Turkish gov’t plans fine-tuning in bankruptcy regulation
Sefer Levent – MALATYA
AA photoAnkara is been working on a draft to overcome a number of problems in the implementation of bankruptcy suspension, Customs and Trade Minister Bülent Tüfenkçi has stated.
“We are working to resolve several unjust results in bankruptcy cases, together with the Ministry of Justice. We will submit our draft to the Prime Ministry as soon as we finalize it,” Tüfenkçi said at a meeting in the eastern province of Malatya.
More than 1,000 companies in Turkey have sought to have their bankruptcy proceedings suspended since the beginning of 2015, but experts warn that the misuse of the condition could lead a domino effect in the economy.
Tüfenkçi also vowed that the required draft regulation to revise the check system, which has long been demanded by businesspeople, would be addressed by the government.
“In terms of the figures there is actually not a dramatic rise in the number of bad checks. But the business world has recently adopted a negative perception about this sort of payment. Many businesspeople try not to accept checks unless they have to. This has led to problems in trade. In order to resolve these problems, we have finalized a draft regulation and are ready to submit this package to the cabinet and parliament,” he added.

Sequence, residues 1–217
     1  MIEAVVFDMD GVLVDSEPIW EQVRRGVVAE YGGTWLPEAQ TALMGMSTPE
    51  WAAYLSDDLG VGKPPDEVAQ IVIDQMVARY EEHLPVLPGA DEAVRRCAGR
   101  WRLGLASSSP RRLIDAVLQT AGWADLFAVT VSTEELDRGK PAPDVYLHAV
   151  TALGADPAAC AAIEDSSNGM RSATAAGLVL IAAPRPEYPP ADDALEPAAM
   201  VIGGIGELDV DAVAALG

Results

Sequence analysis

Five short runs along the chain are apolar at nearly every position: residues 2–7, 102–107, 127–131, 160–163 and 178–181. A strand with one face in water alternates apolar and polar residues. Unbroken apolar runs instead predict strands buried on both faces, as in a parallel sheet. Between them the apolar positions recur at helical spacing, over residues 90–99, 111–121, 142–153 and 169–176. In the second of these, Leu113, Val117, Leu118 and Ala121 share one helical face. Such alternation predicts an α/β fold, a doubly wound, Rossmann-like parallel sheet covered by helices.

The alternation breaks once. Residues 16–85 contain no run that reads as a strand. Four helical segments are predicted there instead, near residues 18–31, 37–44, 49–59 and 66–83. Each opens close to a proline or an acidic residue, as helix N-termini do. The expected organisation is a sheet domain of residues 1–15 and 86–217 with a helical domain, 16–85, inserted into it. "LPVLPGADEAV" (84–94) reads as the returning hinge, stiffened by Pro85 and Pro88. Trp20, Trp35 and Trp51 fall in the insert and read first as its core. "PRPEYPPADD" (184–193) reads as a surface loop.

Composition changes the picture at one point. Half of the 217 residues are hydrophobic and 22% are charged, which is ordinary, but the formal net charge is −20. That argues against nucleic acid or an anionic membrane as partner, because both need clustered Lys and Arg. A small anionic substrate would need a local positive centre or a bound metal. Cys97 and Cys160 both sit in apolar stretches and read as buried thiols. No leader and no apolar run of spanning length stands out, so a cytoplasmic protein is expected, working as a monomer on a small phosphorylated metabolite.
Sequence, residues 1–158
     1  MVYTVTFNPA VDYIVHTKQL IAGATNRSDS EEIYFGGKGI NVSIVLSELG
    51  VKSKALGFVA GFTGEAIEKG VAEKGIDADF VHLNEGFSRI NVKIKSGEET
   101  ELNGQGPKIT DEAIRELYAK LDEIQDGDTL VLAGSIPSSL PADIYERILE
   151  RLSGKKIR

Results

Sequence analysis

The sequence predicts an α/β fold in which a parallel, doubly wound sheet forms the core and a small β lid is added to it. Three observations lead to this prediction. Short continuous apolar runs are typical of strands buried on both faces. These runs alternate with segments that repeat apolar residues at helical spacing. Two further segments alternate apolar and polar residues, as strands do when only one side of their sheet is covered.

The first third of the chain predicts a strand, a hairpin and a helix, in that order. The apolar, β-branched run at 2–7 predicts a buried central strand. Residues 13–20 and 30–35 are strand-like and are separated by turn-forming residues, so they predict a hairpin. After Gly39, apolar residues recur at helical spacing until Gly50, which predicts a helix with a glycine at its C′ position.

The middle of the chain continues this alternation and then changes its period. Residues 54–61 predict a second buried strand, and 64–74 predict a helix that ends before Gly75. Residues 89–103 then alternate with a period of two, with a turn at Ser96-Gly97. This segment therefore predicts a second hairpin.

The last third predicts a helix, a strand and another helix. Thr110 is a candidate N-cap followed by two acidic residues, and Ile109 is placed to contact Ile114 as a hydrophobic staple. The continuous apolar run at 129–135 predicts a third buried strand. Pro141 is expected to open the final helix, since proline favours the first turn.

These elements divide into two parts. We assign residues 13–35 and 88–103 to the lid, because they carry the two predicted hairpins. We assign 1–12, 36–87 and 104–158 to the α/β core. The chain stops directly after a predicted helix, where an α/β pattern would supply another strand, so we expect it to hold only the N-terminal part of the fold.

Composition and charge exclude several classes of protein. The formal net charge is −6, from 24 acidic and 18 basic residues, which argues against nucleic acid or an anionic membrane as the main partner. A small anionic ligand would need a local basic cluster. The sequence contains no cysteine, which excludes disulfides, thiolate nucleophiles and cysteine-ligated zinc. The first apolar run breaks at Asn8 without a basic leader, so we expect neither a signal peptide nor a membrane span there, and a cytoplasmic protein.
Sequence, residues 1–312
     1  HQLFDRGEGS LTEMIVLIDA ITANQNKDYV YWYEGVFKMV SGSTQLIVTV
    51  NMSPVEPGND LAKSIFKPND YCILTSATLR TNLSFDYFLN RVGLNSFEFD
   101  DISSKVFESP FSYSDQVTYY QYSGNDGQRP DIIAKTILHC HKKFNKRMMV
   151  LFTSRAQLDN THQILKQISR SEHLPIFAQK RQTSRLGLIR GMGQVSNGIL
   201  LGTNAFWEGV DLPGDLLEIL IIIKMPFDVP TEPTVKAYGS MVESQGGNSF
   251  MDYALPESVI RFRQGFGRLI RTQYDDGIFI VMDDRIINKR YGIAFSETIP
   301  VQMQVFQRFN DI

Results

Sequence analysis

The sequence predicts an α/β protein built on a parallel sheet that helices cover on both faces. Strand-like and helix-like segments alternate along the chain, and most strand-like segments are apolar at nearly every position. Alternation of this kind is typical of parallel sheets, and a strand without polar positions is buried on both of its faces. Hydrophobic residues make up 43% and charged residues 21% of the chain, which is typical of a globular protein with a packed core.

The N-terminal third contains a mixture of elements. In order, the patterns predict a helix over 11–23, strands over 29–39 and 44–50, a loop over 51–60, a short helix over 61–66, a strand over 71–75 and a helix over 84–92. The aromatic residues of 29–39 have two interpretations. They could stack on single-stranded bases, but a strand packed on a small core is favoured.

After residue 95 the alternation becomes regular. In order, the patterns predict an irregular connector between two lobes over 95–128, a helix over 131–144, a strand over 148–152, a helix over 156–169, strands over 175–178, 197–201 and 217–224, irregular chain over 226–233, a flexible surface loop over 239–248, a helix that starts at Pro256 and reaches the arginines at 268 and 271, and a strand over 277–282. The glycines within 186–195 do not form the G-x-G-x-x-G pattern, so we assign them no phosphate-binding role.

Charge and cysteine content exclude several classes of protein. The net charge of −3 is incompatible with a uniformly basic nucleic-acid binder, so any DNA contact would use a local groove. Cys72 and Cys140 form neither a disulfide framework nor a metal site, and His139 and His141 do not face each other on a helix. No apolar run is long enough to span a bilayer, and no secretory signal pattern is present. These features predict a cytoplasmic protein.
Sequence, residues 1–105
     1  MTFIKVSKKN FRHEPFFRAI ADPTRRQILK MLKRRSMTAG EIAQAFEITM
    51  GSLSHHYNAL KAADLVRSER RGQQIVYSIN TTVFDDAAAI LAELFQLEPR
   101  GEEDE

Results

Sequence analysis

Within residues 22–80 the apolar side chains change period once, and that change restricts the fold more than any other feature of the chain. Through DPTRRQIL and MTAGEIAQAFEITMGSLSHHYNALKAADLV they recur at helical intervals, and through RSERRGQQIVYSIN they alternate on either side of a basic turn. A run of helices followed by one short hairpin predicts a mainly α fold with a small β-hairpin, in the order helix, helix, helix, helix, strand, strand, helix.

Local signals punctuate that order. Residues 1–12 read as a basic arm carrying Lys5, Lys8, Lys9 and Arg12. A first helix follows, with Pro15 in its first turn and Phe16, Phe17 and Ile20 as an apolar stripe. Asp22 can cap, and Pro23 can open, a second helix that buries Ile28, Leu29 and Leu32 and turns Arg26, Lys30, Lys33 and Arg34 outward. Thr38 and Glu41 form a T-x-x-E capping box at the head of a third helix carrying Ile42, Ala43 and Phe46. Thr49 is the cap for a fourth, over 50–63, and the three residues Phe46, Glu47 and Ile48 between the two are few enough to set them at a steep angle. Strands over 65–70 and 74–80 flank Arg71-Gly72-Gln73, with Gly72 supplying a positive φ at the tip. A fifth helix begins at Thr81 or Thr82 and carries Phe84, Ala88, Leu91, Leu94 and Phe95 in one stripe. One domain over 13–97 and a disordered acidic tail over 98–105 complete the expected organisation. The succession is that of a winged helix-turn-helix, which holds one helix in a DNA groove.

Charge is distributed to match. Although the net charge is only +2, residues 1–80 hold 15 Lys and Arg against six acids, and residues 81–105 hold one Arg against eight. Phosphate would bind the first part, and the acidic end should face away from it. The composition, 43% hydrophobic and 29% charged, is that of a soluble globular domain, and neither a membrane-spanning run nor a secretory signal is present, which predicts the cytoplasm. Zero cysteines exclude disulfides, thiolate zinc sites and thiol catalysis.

Tüfenkçi also said Turkey needs a raft of structural reforms to increase its share in global trade and to raise its competiveness.
“We believe in our people’s entrepreneurial spirit. We must clear up obstacles that prevent them from taking steps to realize this spirit,” he said, adding that these reforms should be realized immediately.
Tüfenkçi noted that the government would be unveiling a series of new economic incentive packages, mainly aimed at supporting exporters.
Saying that the opening of new border gates played a crucial role in boosting trade, the minister added that a new border gate with Iraq would be opened soon. “We have actually completed our works, but there are some budget problems on the other side. We plan to launch the gate by undertaking these costs ourselves,” he said.
He noted that procedures have been accelerated in a dramatic manner at customs thanks to the use of a single-window system, slashing the bureaucratic procedure rate from 13 percent to 6 percent.
“Some 70 percent of customs transactions take place over four hours, but we have set a 2-hour target and have already reached this target in some transactions. Our plan is to shorten this timeframe further, in order to cut costs,” Tüfenkçi said.